We could have been like thisThere’s been a lot of talk about the relationship between the public relations industry and bloggers. I’ve written about it in the past as have others, yet still there’s this feeling of a barrier between the two mediums.

As someone on both sides of the fence, I can understand each side’s views.

Yet I can also see where both sides could improve. So, with no bias to either the PR industry or bloggers, here are some suggestions to help both PR and bloggers help each other.

PR People – Think Like Bloggers

Consider starting a blog if you don’t already have one. Unless you blog yourself, you probably won’t understand the mindset of a blogger. It can be a lonely and time-consuming business – the last thing we want is added workloads through misunderstanding or laziness. If you blog, you’ll have a better appreciation of how we work and how our time can best be used.

Treat us as a bona-fide media source in both your pitching and follow-ups. True, we may not have the name of a New York Times or CBS journalist or reporter. But we often are more visible, thanks to Google and search engine awareness, which means our story could potentially have a much wider audience. Doesn’t that deserve some respect?

Find out who we are and what we do. You have a gardening tool to promote for a client. So why would you send your news release to a tech or music blogger? Don’t just grab a bunch of names from a blogger list – do a little homework, find out what we write about, our style, etc. Trust me, show me you know about me and my readers and you’re almost home dry with me.

Invite us to participate in what your clients are up to. Bloggers love to be involved early on – after doing your homework on who would fit you client base, invite bloggers into your inner circle as your official blog partners. Let us tell your story (without any major interference) and you’ll have a primed marketing team of bloggers ready to go.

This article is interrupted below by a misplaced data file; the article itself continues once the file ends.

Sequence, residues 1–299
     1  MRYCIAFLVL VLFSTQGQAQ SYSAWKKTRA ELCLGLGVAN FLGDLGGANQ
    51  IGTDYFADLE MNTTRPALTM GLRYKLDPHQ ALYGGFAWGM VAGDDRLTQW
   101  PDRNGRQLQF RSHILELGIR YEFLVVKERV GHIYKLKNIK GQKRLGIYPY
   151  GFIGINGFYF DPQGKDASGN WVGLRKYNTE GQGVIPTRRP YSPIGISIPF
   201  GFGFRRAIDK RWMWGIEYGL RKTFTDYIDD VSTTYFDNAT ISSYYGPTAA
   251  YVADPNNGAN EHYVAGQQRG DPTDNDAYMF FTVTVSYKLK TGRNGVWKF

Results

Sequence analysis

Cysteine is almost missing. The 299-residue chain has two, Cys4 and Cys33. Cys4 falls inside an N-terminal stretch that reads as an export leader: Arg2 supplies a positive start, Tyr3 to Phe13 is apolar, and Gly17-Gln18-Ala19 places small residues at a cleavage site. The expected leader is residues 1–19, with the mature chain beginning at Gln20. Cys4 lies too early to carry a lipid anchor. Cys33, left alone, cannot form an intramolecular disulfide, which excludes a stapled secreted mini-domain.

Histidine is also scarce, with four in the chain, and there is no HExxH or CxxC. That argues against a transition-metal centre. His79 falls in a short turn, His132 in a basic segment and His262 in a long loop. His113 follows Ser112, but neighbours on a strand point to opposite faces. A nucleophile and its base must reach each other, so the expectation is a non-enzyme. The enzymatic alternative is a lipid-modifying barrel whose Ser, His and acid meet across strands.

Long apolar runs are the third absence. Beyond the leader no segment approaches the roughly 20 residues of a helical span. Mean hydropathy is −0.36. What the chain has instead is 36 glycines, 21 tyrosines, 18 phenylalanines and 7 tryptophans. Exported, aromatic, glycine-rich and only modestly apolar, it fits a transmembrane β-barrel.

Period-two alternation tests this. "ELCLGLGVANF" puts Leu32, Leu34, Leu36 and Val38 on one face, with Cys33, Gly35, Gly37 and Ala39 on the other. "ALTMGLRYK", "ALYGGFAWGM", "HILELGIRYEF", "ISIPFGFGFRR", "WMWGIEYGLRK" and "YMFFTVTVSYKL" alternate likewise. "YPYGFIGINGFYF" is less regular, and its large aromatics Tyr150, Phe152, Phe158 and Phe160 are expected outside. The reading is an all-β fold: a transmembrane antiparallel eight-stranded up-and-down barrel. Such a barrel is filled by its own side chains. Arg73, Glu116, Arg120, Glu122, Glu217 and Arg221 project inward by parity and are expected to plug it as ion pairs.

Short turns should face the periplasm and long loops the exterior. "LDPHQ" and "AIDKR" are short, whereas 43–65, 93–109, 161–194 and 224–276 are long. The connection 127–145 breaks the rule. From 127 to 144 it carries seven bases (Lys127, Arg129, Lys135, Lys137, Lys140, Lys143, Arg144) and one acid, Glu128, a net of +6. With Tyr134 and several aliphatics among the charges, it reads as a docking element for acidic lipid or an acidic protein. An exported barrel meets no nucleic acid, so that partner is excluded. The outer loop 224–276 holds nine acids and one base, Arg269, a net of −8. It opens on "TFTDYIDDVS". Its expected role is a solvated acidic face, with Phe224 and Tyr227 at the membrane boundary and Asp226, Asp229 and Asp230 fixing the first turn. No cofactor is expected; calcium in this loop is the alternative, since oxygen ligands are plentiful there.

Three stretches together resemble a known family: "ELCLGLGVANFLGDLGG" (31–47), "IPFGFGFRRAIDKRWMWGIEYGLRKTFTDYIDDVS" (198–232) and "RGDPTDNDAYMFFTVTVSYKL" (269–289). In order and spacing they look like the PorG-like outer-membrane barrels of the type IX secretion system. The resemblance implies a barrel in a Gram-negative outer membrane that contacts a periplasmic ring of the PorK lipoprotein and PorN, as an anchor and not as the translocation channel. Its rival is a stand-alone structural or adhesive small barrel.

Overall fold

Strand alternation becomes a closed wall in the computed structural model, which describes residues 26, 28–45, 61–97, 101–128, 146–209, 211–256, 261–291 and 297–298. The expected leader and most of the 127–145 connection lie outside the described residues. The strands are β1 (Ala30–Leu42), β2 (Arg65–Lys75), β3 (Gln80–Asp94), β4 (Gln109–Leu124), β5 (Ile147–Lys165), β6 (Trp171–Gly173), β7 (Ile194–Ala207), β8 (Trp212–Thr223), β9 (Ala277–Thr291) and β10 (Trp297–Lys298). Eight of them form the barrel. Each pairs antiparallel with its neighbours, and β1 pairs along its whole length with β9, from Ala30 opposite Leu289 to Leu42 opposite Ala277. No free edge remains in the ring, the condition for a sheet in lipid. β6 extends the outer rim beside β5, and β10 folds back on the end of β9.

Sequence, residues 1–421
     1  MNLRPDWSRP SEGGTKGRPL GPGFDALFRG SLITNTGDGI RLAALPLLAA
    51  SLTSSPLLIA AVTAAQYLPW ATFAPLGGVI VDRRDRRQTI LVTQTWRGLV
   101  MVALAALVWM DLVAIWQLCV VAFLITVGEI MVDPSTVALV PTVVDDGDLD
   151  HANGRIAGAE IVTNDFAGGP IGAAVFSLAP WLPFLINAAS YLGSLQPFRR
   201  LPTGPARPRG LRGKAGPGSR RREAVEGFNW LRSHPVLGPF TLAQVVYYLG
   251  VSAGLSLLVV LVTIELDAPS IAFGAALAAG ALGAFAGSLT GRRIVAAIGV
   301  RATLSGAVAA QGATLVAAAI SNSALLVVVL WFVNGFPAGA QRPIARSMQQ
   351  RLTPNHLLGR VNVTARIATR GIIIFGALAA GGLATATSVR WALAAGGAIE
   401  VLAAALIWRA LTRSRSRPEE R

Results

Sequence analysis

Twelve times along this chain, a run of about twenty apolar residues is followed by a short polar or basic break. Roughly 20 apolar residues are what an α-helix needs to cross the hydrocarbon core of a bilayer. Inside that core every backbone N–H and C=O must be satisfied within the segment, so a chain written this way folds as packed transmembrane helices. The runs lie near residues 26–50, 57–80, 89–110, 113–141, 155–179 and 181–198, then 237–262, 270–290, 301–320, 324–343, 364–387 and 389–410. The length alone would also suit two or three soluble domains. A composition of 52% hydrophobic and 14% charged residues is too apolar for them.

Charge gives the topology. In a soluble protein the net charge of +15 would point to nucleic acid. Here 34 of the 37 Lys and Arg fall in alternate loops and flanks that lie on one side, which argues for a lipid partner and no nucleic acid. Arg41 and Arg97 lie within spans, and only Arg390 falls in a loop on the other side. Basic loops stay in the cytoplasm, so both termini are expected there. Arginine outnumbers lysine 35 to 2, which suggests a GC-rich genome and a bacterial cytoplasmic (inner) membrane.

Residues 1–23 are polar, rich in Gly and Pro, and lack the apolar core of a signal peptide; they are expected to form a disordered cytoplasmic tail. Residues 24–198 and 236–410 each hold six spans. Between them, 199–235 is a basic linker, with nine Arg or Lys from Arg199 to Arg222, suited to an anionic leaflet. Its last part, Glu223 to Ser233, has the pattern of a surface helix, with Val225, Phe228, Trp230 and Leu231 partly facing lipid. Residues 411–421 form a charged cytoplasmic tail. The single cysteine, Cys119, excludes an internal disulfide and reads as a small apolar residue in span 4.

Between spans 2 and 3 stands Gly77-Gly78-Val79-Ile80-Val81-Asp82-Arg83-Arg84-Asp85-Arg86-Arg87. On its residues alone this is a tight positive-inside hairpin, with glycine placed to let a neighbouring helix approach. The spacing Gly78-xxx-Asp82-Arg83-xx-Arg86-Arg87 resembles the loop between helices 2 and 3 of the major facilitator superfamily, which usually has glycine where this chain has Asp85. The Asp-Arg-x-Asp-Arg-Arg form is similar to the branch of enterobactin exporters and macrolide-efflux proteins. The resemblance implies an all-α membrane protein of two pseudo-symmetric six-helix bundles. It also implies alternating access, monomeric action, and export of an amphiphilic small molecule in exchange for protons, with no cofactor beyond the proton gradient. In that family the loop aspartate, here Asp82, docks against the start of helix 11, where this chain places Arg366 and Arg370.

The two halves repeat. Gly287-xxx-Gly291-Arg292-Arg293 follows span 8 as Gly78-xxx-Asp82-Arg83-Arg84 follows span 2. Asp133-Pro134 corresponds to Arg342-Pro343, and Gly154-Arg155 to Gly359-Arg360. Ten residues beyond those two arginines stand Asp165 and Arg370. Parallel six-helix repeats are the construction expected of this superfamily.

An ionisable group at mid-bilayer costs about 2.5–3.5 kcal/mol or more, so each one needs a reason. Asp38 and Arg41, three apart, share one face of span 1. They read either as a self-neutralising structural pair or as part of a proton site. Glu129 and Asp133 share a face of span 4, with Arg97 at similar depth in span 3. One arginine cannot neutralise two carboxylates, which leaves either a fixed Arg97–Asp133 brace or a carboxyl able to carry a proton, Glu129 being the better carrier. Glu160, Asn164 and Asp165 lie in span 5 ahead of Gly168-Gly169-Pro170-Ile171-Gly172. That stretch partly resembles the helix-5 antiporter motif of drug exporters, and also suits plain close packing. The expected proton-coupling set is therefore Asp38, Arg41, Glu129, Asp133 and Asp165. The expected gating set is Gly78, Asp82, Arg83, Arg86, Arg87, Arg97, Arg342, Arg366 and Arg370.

Bloggers – PR is Not Your Enemy

Bloggers are wary of PR people. Lazy pitches, poor communication and being treated as second-class citizens are just some of the complaints. Yet there are ways to help yourself be more appreciated by the PR industry.

Have either an About Me page or an area that describes what your blog is about. This may seem like common sense but the amount of reviewer blogs I’ve seen without this simple addition is mind-boggling. How can you expect a proper pitch when you don’t advise on what you write about?

Display a PR-friendly badge to let us know that you’re open to pitching. Todd Defren and the folks over at Shift Communications have come up with some badge designs you can use. Clean and clear, they save both PR people and bloggers a lot of time.

Be ethical at all times and true to your beliefs. This works both ways. Your blog is your voice and your readers should trust that voice. Keep your views honest and untainted by PR pressure. And if someone in PR is pressuring you into a positive spin when their client doesn’t deserve one, don’t be afraid to call them out via your blog.

Contact us and offer your services as part of a PR agency’s blogger outreach program. Many PR firms and professionals are still far behind on the benefits of a blogger outreach program. Use Google, Twitter, O’Dwyer’s blog and other resources to find agencies in your niche. Then send them an email about your expertise and how they could benefit from it. Pro-activity never hurt anyone.

These are just some examples of how the PR industry and bloggers can help each other. I’m sure there are countless more, but it’s a start.

How about you? Are you a blogger? If so, how can PR professionals improve? Or are you in the PR industry? Where would you like to see bloggers improve? Feel free to share your views and let’s get the conversation going.

Creative Commons License photo credit: lepiaf.geo

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